Oklahoma legislators attempt to ban AP U.S. History

This misguided effort only undermines the lessons actually taught in AP U.S. History.


Ericka Shin

Textbooks such as these could be rendered obsolete in Oklahoma.

AP U.S. History is an important experience that should be left as an option for high schoolers all across the country.

Yet, according to recent media reports, on Feb. 16, the Oklahoma Common Education Committee voted 11-4 on a bill that would ban state support of the College Board’s AP U.S History curriculum.

The bill was proposed by conservative Republican Rep. Dan Fisher, on the grounds that the recently revamped course focuses too much on “‘what is bad about America.’”

However, according to the Huffington Post, the restructured course “emphasizes teaching historical themes and trends rather than specific events and figures.” This leaves teachers more room to cover certain topics, rather than treating the course as a list of facts subjected to rote memorization.

While Fisher’s proposal is not the first, it hits closer to home because I myself am a former AP U.S. History student.

Just last year, I took copious notes from the thick textbook and crammed historical facts into my head at home. At school, the teacher would explain the significance of all these facts. While it was not easy, it was an enjoyable class that taught me both the good and bad points in American history.

While I have not actually experienced the new course, I see juniors doing the same as I did last year. They learn the Civil War’s battles and their respective significance, recalling the achievements of various presidents, and try to understand Reaganomics. The only difference I see is that there is more emphasis on the reasons behind these facts than before.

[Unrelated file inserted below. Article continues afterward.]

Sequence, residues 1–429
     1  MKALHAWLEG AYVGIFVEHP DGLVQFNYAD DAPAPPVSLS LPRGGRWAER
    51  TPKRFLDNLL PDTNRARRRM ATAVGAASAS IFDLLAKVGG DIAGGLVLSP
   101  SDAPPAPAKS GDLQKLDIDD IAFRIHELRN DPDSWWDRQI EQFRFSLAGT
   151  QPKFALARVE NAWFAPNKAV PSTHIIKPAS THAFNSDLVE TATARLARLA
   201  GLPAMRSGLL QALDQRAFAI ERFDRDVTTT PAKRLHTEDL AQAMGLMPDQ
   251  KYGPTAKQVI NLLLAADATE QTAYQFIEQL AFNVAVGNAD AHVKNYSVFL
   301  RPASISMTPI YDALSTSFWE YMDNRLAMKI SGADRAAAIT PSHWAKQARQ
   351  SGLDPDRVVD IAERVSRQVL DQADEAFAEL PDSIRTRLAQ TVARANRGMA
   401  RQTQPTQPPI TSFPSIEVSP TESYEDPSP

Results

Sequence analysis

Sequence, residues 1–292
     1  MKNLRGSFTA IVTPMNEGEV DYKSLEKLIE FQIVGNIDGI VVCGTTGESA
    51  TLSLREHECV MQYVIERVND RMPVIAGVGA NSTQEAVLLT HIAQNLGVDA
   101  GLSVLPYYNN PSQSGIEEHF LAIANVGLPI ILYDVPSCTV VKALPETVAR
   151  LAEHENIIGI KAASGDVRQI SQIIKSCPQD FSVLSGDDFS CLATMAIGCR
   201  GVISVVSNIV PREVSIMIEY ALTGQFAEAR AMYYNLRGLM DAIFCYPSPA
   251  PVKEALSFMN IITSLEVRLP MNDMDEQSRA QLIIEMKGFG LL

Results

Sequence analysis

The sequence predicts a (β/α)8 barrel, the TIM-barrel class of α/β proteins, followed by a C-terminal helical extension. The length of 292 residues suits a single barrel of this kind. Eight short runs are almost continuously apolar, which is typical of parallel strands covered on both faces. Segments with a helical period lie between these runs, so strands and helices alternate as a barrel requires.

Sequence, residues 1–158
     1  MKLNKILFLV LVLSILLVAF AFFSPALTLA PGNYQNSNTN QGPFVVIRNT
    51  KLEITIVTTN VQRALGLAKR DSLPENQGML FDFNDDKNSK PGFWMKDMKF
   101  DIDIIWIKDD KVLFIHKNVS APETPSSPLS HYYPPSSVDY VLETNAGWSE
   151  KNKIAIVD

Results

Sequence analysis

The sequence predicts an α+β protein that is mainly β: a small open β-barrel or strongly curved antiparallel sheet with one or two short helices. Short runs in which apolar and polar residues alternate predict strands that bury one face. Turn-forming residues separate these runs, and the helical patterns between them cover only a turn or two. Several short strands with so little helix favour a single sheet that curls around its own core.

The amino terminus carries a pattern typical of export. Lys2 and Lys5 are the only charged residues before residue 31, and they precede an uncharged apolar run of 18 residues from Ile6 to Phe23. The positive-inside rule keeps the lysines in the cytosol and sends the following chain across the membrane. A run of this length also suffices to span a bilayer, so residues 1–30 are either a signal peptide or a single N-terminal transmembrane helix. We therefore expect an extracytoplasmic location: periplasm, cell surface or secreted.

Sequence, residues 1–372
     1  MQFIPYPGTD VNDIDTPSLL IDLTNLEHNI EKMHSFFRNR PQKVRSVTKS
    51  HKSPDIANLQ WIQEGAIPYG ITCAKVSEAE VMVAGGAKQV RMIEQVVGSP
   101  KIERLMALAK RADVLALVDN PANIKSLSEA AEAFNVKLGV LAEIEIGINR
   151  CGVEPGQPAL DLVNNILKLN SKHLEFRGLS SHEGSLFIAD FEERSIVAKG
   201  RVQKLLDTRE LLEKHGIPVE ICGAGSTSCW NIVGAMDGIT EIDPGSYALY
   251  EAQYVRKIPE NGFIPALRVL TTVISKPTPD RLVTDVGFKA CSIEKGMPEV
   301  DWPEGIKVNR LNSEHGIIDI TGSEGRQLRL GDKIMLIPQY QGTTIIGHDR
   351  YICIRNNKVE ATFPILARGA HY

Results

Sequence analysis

Yet Fisher has used this change in the AP U.S. History course to claim that the course is not taught patriotically enough.

Now, as an American, I believe patriotism is important to maintain “American exceptionalism.” We do need to learn about America’s great beginning and benevolence.

Now, as an American, I believe patriotism is important to maintain ‘American exceptionalism.’

— Ericka Shin

Yet this does not mean our darker moments should be swept under the rug. American history has suffered its fair share of racism, misogyny and generally poor decisions in regards to both domestic and foreign affairs.

Does this “dirty laundry” diminish “American exceptionalism” in any way? Absolutely not.

Any entity, whether it be an individual or an entire nation, has its unsavory moments. From there, the entities grow past their errors.

But by turning a blind eye to America’s darker past, proponents of this bill run the risk of making future generations unpatriotic. Deleting entire chapters in American history keeps our posterity from learning from these mistakes.

While we may learn about liberals versus conservatives, one group should not wrangle history to fit their agenda. Current politics should not influence what is taught about past politics. At best, it is considered partisan pride; at worst, it is considered propaganda.

So to the governor of Oklahoma: like many AP U.S. History teachers and students, I implore you to not sign the bill.